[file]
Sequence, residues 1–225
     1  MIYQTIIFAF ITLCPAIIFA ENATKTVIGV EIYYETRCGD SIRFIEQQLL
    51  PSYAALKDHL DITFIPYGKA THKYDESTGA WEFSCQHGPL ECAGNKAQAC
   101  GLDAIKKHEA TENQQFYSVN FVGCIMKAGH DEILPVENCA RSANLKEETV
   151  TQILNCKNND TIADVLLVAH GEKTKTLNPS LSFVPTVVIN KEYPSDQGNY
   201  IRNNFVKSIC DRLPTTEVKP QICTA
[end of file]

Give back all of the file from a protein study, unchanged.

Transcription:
Sequence, residues 1–225
     1  MIYQTIIFAF ITLCPAIIFA ENATKTVIGV EIYYETRCGD SIRFIEQQLL
    51  PSYAALKDHL DITFIPYGKA THKYDESTGA WEFSCQHGPL ECAGNKAQAC
   101  GLDAIKKHEA TENQQFYSVN FVGCIMKAGH DEILPVENCA RSANLKEETV
   151  TQILNCKNND TIADVLLVAH GEKTKTLNPS LSFVPTVVIN KEYPSDQGNY
   201  IRNNFVKSIC DRLPTTEVKP QICTA